Dear Young People: Grieving Is Harder Than You Think

March 6th 2015

Laura Donovan

On the morning of my senior prom, my father lost his short-lived but brutal battle to liver cancer, and everyone from classmates I hadn't spoken to in years to direct relatives felt sorry for me. Though it was unfair to endure such a tumultuous, sudden loss as a teenager, I had boundless support from adults. Because I was just a child, it was assumed that I needed comforting.

What's often overlooked is how difficult loss can be after you're out of the house, earning a living, expected to be a grown up about the circle of life. My 88-year-old childhood babysitter/adopted grandmother recently died, and because I was searching for employment when it happened, I couldn't simply prioritize my grief. I had bills to pay and job interviews for which to prepare. People with demanding professions might even bury themselves in work, not just as a way to deal with the sadness, but because they can't afford to fall behind. 

Grieving as a Millennial, particularly one over 18, is made harder thanks to the Internet, tough economic times, and expectations of resilience in the workplace. Emily Kaiser recently published a powerful account of losing her mother in Washingtonian Magazine, stating she expected others to treat her "grief like a child's" even though she was 25 when it happened. As if feeling sad all the time wasn't painful enough, it didn't seem as though her coworkers could relate. "My loss, I think, required a different kind of vocabulary, one that my colleagues—and most other people—didn’t have," Kaiser wrote. "As the days and weeks piled on, I became obsessed with the silence. Did my colleagues not offer any condolences because they didn’t know what to say? Were they worried they would make me cry? Or was it me—was I crazy?"

The impact of grief when you're reliant on mom and dad

For better or worse, Millennials are also personally and financially supported on their parents at times, so losing one or both of them can have a profound impact on one's life. A 2013 Census report found that almost 15 percent of 25-34 year olds were living at home. Millennials are delaying marriage and even eschewing it altogether, and as older generations enjoy pointing out, we're taking longer to fully transition into adulthood all around. Millennials might still be on their parents' phone plan as well, or getting some extra money for car and/or health insurance every month. The support isn't about being spoiled either. Census research shows that young adults now earn $2,000 less than young adults in 1980 did. Compared to Baby Boomers, more Millennials are unemployed and poverty-striken. More young adults are moving back in with mom and dad, and fewer are getting married. We very much need our parents, and we're not afraid to admit it.

But what about those who can't afford to grieve?

It might be even more of a struggle for Millennials who don't receive financial assistance from others. Low-income workers may not have the luxury of taking time off to grieve. In a sense, they can't afford to grieve. The Fair Labor Standards Act (FLSA) doesn't require employers to provide payment for grieving periods, leaving some with the unfortunate choice between making money or going to memorial services. Those who stay at work might not be able to maintain composure all the time. In 2009, Stephanie Illgenfritz detailed an uncomfortable grief-related office encounter in The Wall Street Journal. Illgenfritz once witnessed a colleague break down over the loss of a grandchild, and when she left the room, a manager said, “When my Dad died, I was back at work the next day.” You might have a flexible boss who doesn't deduct your paycheck, or you might be met with insensitivity.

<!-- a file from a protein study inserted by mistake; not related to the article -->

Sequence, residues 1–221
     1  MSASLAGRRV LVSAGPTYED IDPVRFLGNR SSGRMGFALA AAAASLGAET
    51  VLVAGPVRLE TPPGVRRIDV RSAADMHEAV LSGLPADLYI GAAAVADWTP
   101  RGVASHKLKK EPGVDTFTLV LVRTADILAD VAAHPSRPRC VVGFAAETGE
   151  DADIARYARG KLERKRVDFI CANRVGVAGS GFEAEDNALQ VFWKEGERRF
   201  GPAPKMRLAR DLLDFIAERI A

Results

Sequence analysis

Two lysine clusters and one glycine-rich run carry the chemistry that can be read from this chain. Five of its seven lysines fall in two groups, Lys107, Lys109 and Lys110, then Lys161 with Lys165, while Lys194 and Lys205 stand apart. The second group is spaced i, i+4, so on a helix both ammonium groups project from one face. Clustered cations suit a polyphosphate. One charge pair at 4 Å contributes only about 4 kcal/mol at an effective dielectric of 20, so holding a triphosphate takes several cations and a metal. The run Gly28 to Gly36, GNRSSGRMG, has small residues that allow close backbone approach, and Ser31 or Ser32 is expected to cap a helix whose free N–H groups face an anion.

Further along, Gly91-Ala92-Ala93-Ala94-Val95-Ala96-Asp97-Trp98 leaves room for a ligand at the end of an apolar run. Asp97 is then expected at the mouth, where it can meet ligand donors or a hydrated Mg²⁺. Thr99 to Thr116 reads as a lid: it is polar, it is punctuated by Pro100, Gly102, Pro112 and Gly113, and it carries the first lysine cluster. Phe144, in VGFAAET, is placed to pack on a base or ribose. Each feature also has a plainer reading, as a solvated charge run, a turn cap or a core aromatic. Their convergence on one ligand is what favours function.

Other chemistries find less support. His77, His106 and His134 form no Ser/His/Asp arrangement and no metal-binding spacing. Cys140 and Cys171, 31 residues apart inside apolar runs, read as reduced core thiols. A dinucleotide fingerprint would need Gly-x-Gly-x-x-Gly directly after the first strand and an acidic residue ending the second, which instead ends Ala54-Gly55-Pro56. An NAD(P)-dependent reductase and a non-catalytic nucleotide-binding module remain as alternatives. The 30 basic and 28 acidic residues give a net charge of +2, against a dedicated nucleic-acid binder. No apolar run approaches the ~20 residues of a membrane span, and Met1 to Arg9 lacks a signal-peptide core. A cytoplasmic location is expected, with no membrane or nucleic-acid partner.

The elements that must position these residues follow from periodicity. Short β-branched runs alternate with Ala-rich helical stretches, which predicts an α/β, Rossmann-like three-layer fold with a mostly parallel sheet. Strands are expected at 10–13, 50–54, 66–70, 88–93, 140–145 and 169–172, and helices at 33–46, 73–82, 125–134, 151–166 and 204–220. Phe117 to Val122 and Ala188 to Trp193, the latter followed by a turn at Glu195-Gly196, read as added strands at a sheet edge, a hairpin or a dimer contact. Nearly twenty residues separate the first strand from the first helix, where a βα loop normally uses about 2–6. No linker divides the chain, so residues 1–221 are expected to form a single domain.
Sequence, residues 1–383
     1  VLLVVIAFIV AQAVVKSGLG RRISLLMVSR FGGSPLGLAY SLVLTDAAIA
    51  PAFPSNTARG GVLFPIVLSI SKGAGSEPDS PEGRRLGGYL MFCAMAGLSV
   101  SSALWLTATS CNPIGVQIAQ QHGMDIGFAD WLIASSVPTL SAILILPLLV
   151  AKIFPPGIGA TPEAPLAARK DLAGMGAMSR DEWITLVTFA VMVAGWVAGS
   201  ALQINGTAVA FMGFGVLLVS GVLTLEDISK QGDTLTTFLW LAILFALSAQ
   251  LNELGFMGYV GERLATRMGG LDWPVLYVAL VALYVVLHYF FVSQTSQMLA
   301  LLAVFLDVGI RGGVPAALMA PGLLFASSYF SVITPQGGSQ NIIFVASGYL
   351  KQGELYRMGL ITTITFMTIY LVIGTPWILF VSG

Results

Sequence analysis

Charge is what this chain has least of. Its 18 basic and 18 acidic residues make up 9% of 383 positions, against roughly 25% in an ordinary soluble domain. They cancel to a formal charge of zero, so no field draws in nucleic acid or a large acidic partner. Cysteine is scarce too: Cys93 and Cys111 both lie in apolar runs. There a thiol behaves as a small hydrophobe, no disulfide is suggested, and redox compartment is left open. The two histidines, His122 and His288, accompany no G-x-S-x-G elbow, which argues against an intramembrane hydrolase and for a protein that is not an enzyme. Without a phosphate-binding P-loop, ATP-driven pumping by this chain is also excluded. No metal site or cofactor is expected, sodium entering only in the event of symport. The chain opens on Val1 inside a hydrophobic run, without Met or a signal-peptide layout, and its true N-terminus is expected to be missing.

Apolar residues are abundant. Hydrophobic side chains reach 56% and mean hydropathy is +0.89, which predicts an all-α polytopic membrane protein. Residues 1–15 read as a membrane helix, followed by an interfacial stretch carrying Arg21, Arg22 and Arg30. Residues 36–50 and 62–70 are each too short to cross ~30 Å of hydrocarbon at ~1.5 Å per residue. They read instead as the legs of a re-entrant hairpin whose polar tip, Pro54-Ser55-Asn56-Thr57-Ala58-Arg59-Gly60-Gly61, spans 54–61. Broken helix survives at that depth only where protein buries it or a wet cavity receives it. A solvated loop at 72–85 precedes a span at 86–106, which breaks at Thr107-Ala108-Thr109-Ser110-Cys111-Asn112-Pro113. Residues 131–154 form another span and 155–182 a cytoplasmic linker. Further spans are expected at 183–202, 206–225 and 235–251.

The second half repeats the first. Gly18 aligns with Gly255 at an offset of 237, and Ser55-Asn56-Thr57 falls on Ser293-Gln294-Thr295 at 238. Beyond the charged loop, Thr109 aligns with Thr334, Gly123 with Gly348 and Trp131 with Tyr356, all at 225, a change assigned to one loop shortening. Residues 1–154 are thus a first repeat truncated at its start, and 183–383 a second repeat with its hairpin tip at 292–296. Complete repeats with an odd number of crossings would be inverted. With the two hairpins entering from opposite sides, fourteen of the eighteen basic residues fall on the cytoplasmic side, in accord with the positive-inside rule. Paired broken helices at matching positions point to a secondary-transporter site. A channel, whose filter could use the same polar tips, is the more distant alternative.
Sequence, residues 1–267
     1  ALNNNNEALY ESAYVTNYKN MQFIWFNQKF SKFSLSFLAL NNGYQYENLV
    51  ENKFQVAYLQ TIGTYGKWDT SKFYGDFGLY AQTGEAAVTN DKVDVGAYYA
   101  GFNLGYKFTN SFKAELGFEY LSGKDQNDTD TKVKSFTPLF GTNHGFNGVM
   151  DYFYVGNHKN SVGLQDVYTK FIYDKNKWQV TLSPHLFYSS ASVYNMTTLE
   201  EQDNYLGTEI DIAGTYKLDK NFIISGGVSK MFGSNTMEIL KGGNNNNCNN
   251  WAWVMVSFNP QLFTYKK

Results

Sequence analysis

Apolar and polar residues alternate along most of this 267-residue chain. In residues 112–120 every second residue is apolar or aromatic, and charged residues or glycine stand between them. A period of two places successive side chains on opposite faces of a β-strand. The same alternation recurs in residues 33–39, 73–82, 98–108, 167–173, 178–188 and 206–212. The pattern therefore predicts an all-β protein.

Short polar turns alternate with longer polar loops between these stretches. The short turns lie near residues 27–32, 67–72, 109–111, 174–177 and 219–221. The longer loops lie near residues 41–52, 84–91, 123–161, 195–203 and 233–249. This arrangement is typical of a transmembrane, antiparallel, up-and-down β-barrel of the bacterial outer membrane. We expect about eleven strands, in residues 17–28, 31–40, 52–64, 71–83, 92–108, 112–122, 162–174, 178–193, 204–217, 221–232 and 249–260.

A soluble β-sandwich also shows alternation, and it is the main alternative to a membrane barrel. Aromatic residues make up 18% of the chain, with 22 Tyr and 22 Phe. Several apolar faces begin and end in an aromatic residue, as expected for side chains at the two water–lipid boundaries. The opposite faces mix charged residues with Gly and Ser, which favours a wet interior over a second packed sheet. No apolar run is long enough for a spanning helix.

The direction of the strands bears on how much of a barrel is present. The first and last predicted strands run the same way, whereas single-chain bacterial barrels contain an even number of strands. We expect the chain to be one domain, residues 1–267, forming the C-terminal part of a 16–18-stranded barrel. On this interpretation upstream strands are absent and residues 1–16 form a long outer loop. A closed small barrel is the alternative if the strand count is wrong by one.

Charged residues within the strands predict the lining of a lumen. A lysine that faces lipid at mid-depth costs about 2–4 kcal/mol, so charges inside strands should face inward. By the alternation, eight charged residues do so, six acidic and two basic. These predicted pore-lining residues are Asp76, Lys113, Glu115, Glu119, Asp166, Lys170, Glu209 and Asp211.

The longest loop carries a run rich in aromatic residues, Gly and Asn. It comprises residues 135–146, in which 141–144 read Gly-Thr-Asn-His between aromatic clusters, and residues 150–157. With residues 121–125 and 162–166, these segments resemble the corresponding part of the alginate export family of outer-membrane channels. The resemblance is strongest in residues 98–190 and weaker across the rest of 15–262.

Grieving on the Internet.

Social media plays a big role in how we deal with death. Most Millennials have a web presence, and it's common to see them post photos or status updates on social media when someone close to them is gone. "My God, is there anything creepier than a post announcing someone lost a loved one and seeing '136 people like this' underneath?" Rebecca Soffer, co-founder of Modern Loss, told the New York Times last year. After losing her father unexpectedly in 2010, she and Gabrielle Birkner started their website to help others with their own losses. Modern Loss's essays cover everything from finding out about death via social media to leaving voicemails for deceased loved ones. With Facebook being the second most visited website and so many of its users seemingly posting wedding, baby, and engagement announcements every week, the Internet can be imprisoning for the grieving.

Loss is heart-wrenching regardless of age. As long as older generations, colleagues, and acquaintances recognize that and don't expect Millennials to swiftly bounce back from it simply because they're adults now, grief will be a little easier in day-to-day life.